New research has shed light on whether or not Victoria Beckham's weight loss regime involving apple cider vinegar actually helps people lose weight.

The Engish fashion designer and former member of the Spice Girls revealed how a few spoonfuls of vinegar each morning had helped her stay in shape.

The research compared the effects of this hack with a placebo test group to see how much weight was lost over a 12-week period.

Does Victoria Beckham's apple cider vinegar hack actually help with weight loss?

Newham Recorder: Victoria Beckham recently shared that she drinks apple cider vinegar to help her stay in shape.Victoria Beckham recently shared that she drinks apple cider vinegar to help her stay in shape. (Image: PA)

The group that drank up to a tablespoon of apple cider vinegar (diluted in a glass of water) lost around 6kg over the 12-week period with those in the placebo group only losing around 1kg.

Lead research author Rony Abou-Khalil, from the Holy Spirit University of Kaslik in Lebanon, said that these results suggested that this regime “could be a promising anti-obesity supplement that does not produce any side effects”.

However, scientists not involved in the study suggested that the methodology was too flawed to draw any firm conclusion, adding that further investigation is needed.

Helen Truby, professor of nutrition and dietetics at The University of Queensland, said: “There are some substantial problems in this study, which would make the conclusions drawn questionable."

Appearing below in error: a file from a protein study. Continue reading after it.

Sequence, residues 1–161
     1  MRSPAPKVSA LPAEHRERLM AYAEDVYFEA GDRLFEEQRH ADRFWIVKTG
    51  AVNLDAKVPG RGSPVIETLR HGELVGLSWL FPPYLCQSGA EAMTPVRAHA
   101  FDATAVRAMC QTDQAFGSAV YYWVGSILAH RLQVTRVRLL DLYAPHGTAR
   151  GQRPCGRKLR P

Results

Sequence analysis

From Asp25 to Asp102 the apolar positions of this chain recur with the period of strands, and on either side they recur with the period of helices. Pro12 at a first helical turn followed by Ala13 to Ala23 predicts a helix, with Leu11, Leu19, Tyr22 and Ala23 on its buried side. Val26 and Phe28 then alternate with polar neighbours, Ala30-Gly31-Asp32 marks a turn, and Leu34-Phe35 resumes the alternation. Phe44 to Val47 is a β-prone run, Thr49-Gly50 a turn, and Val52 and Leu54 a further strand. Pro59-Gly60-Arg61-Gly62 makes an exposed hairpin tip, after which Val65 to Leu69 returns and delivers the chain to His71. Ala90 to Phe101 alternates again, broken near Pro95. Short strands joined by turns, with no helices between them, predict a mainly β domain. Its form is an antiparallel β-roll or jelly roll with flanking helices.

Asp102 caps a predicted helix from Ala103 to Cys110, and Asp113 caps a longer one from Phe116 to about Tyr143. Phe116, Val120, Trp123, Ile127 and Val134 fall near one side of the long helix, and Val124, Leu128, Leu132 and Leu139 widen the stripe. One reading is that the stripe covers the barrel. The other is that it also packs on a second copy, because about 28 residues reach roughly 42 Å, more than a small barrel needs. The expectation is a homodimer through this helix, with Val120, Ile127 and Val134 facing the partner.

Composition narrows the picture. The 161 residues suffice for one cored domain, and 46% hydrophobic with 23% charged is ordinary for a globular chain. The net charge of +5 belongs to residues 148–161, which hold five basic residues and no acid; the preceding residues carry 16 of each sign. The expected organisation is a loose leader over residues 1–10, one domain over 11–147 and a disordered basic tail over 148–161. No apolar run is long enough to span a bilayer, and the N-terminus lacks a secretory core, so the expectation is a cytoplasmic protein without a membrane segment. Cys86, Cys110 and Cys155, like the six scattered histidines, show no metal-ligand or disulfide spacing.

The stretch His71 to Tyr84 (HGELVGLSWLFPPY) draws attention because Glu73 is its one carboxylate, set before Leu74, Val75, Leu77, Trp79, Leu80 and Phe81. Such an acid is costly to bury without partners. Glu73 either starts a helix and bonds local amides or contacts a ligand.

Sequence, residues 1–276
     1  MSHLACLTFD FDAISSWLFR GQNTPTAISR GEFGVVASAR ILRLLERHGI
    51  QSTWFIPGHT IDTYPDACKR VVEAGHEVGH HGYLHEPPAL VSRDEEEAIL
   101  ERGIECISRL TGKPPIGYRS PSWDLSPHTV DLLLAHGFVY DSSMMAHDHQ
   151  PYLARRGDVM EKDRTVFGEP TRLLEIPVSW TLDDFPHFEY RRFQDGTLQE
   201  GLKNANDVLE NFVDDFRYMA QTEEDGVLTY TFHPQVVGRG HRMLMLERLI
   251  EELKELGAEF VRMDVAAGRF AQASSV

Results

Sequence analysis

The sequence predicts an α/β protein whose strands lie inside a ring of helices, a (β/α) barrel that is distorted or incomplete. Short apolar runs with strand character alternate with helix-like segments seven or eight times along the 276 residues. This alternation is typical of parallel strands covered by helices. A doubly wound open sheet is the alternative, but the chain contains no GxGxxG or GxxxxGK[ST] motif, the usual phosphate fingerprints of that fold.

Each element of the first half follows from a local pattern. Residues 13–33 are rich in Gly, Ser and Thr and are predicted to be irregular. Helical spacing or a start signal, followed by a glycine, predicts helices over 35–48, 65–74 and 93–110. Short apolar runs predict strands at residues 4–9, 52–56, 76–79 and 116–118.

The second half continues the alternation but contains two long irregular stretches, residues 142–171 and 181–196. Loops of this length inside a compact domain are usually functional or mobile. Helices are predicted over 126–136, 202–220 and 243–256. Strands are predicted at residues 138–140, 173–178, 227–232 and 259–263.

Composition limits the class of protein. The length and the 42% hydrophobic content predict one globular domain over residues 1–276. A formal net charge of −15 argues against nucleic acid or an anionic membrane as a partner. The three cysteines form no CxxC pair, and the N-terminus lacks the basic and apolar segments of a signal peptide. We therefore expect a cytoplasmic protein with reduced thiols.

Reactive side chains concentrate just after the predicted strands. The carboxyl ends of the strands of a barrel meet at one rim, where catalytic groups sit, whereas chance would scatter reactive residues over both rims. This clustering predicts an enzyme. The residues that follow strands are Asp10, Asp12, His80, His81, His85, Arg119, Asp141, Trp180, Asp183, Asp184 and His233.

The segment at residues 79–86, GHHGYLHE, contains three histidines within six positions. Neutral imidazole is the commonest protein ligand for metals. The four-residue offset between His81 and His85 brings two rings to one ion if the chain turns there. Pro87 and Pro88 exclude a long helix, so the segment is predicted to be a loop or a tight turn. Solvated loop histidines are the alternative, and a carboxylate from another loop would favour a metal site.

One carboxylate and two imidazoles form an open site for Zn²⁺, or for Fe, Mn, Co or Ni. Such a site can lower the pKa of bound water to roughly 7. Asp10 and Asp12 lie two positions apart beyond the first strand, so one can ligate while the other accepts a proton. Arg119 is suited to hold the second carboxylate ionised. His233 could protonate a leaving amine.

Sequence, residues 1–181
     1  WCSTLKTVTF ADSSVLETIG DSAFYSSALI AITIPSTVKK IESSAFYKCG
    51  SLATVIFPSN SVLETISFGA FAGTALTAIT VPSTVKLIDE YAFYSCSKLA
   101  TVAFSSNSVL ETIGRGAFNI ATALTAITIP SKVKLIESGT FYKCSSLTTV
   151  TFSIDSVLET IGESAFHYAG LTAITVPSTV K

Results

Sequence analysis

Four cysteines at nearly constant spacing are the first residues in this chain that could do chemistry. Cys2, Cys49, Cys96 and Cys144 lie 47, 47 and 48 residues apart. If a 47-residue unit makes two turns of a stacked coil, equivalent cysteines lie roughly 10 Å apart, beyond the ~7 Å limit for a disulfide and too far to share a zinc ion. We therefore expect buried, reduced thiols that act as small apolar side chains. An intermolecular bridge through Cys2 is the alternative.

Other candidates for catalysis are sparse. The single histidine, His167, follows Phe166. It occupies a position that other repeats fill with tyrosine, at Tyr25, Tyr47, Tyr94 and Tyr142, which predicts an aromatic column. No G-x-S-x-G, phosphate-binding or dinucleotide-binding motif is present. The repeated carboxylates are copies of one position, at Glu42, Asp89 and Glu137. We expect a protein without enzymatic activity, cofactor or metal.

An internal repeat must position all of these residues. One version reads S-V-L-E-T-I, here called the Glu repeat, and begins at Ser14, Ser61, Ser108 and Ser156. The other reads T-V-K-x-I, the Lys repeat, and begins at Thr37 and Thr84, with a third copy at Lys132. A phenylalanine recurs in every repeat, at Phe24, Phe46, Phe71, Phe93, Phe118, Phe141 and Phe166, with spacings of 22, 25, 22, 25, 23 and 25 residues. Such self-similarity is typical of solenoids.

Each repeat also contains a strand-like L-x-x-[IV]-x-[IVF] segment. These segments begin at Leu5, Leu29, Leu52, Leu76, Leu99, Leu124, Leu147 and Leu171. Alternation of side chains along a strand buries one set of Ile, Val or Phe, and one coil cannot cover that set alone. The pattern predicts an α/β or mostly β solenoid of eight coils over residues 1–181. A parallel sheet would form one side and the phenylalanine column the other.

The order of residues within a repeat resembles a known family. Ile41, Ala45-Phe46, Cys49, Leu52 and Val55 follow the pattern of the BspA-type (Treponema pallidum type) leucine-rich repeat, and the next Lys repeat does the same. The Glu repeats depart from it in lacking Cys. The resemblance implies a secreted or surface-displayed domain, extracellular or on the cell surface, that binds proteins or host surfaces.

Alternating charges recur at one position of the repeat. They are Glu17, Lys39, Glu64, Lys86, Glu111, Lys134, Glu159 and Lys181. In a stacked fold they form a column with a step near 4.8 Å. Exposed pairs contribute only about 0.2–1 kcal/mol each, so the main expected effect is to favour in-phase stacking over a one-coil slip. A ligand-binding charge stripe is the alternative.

Problems raised about the weight loss study were the small sample size of around 120 people and the limited age range of 12 to 25.

Newham Recorder: Experts have expressed concerns over how the research was carried out.Experts have expressed concerns over how the research was carried out. (Image: Getty)

Daisy Coyle, a Research Fellow at The George Institute for Global Health, in London, added: “One missing piece from this study is how participants’ diets influenced the outcomes.

“While participants kept diet diaries, specific details on calorie and/or macronutrient intake were not reported in the study. Ideally, all outcomes would have accounted for dietary intakes, especially given that 7 per cent of participants were on a diet at the beginning.

“This study was also small, short in duration and only focused on young and overweight individuals. We can’t extrapolate the findings to the broader population or draw conclusions about the long-term efficacy of apple cider vinegar."

Discussing the use of apple cider vinegar for weight loss, the Health website, Prevention said: "There’s not enough recent and conclusive evidence to say that ACV is a body fat or weight loss solution."